“Put your phone in your pocket, mommy. Put your phone in your pocket.”
Those were the exact words my son said to me this weekend when I had pulled my phone out to take a photo of him. He thought I was getting sucked into one of the many apps on my phone, but really I was trying to document his super cute baseball stance.
I put my phone back in my pocket, though, and forgot about getting the photo for Instagram – because if it isn’t on Instagram, does it really happen?
Turns out, life happens with or without documentation on social media.
Last summer I had a moment. In that moment, I ordered the book “Hands Free Mama” and I started reading the night it arrived at my house. I could empathize with the author from the first page. I got through the first chapter that night, and contemplated reading more, but it was late.
I made a goal to read a chapter a night until I could finish the book. (I’m not always the greatest book-reader, so giving myself this kind of goal was feasible.) We went on vacation and I was able to get in a few chapters each day and before I knew it, I had finished the book and started making changes.
July found me making changes in my technology habits. When the school year started again, and then big events with my job happened, I fell back into old habits. I haven’t liked the old habits, and I’ve been trying to work on them.
A couple weeks ago, my son was fighting me at naptime. He looked at me and said, “mommy and daddy don’t like to look at me. Gamma wants to look at me!” I understand that his comments were coming from a place of sleepiness, but they stuck with me.
We all had been distracted. I had been baking for work parties. My husband was reading something to review (kind of work-related) and Lucas was playing games on the iPad. We were all immersed in our own projects/work and not looking at one another.
And this isn’t the first time that had happened. We’re all often distracted. Stuck in technology. I knew that we had to step back, put our phones (and the iPad) away and look at each other.
After nap time, we took a car ride together, checked on our friends cats, and eventually went out to dinner. Lucas played “drums” with the forks on the table at dinner. And he was well-behaved almost the entire time we were at the restaurant. The difference? Our phones weren’t on the table or in our hands.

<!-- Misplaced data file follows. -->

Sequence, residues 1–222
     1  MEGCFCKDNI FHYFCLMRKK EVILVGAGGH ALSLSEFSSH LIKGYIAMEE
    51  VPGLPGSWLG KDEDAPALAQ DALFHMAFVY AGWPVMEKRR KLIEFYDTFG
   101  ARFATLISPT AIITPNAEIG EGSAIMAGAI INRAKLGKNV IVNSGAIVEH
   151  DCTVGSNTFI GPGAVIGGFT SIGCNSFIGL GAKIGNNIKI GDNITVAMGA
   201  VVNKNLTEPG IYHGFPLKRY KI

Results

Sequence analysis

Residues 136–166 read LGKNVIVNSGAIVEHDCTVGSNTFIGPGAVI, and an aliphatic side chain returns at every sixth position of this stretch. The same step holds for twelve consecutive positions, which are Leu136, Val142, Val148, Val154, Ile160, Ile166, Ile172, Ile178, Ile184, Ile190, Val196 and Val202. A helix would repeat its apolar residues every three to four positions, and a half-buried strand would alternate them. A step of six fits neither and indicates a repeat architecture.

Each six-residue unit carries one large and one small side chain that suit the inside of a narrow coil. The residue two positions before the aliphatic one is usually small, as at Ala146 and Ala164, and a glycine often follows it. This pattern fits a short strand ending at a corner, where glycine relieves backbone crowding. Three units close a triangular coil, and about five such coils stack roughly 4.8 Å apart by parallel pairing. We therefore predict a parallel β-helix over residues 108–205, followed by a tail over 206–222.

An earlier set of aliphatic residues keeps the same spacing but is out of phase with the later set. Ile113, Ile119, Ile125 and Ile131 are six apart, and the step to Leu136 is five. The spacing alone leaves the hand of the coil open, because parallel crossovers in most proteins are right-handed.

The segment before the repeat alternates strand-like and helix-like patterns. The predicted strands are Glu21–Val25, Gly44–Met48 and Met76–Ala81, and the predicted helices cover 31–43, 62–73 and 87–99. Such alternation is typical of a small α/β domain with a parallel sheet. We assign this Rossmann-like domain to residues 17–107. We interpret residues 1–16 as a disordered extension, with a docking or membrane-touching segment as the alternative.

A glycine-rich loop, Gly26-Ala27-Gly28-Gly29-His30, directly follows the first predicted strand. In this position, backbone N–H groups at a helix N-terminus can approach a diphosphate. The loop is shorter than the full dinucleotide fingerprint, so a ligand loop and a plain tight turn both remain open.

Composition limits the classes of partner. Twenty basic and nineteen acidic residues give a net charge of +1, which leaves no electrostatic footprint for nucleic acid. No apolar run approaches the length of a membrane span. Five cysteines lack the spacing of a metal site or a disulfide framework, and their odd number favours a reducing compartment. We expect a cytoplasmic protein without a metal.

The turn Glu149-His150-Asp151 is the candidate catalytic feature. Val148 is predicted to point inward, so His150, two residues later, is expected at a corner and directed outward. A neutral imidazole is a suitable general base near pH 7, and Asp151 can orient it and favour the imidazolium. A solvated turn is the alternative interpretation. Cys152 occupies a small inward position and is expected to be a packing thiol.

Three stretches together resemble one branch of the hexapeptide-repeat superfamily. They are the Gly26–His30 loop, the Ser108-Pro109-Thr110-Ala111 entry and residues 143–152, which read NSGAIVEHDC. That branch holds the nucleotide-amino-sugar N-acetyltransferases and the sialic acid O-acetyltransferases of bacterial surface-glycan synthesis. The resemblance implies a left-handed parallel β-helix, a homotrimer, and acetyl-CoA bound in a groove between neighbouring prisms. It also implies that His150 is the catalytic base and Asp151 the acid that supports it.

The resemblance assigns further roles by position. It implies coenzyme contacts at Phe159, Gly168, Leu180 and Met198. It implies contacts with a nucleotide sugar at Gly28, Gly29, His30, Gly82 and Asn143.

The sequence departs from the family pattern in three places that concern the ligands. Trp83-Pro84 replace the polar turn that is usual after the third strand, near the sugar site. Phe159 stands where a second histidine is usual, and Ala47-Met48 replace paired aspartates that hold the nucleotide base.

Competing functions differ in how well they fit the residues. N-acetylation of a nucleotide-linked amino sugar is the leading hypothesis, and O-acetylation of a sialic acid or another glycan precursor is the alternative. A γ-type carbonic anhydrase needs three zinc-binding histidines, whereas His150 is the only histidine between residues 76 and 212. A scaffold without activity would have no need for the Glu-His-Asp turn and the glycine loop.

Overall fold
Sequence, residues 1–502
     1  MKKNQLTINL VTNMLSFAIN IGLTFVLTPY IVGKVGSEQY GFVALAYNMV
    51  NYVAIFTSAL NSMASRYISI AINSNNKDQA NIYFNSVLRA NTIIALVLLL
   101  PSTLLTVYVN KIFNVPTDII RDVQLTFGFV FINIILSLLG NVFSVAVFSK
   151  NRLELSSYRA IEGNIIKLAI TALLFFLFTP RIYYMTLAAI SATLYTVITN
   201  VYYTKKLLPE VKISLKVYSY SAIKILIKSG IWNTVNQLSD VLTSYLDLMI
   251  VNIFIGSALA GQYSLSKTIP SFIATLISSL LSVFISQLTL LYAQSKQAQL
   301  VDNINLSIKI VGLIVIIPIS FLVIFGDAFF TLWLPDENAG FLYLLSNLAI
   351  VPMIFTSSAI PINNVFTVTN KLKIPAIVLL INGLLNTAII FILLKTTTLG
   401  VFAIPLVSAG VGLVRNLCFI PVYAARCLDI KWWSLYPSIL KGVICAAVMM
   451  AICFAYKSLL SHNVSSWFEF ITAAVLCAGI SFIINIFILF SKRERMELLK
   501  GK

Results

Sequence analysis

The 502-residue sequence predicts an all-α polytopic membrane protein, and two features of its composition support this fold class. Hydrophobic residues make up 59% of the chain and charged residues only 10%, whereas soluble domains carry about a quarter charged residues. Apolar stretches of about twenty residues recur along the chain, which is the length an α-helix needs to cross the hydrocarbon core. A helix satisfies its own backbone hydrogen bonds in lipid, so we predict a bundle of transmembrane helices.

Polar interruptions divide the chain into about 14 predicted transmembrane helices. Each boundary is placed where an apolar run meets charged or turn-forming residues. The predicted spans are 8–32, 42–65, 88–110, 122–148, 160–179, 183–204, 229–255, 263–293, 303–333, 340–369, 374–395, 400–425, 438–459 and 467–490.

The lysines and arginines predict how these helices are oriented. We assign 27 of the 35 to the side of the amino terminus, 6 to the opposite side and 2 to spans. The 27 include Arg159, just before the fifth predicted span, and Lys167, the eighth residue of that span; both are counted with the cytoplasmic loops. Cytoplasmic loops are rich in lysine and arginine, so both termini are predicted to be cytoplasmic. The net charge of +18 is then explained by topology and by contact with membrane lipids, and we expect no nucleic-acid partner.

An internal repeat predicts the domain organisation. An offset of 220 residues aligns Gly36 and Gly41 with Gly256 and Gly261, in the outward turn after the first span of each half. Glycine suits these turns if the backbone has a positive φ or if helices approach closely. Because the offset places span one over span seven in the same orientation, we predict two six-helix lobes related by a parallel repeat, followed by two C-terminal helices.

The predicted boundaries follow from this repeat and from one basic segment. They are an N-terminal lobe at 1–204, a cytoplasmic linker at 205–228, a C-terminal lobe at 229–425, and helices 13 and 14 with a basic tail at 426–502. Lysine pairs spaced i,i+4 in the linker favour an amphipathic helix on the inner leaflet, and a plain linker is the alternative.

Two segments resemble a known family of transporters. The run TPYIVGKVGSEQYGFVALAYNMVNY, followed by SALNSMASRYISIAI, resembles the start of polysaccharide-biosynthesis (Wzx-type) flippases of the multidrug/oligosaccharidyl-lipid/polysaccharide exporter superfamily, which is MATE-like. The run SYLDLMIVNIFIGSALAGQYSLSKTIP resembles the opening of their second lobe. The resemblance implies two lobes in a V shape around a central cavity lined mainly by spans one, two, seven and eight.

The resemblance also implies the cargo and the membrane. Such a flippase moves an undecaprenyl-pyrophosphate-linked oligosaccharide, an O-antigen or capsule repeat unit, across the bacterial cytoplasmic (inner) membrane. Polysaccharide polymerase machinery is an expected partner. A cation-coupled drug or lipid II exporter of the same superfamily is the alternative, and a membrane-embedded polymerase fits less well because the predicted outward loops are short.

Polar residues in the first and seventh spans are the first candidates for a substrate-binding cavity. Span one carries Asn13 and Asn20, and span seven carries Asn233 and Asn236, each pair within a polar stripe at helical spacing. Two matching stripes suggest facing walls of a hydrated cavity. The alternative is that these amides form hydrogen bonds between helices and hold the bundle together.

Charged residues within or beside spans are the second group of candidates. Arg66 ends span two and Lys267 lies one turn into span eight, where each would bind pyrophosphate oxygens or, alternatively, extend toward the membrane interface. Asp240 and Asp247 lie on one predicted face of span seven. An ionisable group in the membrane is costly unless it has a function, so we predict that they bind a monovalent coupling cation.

I’m taking small steps to hopefully reclaim our time with each other.
Last week, I decided to try and start again on our technology-free habits. We were coming off of winter break and had a couple of really tough days. Something had to give. On Monday, I worked out early in the morning (5:15) so I could come home, cook dinner and engage with Lucas. The phone was away, the tv wasn’t turned on, and he never asked for the iPad. At one point, while I was cooking, he said, “I’m going to play with Play-Doh!” and I didn’t even tell him, “let’s do that later.” I just agreed, and helped him pull the Play-Doh out while I was working on dinner.
(See that photo above? Totally cheesing for the camera. Totally has spaghetti face after dinner. And those Play-Doh colors are not the same a week later. But I totally don’t care. That was a really fun night.)
There was one evening I slipped and found myself with phone in hand. All of the other evenings were much better. I enjoyed being with my kid and we didn’t fight at bedtime. (Oh, bedtime can be a struggle.)
A few tips that I came up with for our technology-less lives (not totally free, just less.)
1. Put the phone away. This is easier said than done. I’ve mentioned it before on the blog. I’m always “on.” It was harder in my previous life to shut down. (I literally had to have a furlough to stop checking work emails.) My toddler doesn’t like me talking on the phone, which I don’t do often, and he misbehaves more if I’m checking email/social media/texting. So the phone has to be put away.
2. The iPad is only out for limited times. We got into a habit of Lucas finding the iPad charging, and he’d run off to play his games. We used to only let him have it for 30 minutes once or twice a week. The iPad now lives out of sight when it isn’t charging overnight. (And then I have to remember to hide it.) We try not to let him play it on weekdays, and it becomes more of a treat versus an expectation on the weekends.
3. Put the laptop away. My laptop will be out of sight until after bedtime. I’m hoping to get into a habit of blogging/doing freelance work during weekend nap times, or after Lucas goes to bed. I don’t normally blog while he’s awake, but it’s easy to get on the laptop and check Facebook, which leads to Twitter, which leads to my email….you get the picture. I’m also trying to find a space in the house where I can do all of my work, that isn’t the dining room table. More on this at a later date…there’s some cleaning going on.
4. Set a timer. If Lucas is playing a game on my phone or the iPad, we set a timer. He knows the timer is set, and then the tech piece goes back into hiding.
5. Encourage more hands-on activities such as art projects or games. The Play-Doh has been a huge hit. I have other art projects saved for rainy days, and I’m thinking of pulling them out for him now. Why wait for rainy days? We’ve also discovered several really fun books during this test. We read every night, but now we have more time to explore longer books.
I don’t think I’m “cured” from my addiction to electronics. I love connecting. However, I love connecting with my family and I’m a work in progress.
Have you read Hands Free Mama? Do you struggle with too much technology?
**Any links in this post may be affiliate links. I was not asked to review this book and I have no relationship with the author other than the fact that I, too, had a difficult time letting go of technology. All opinions are obviously my own.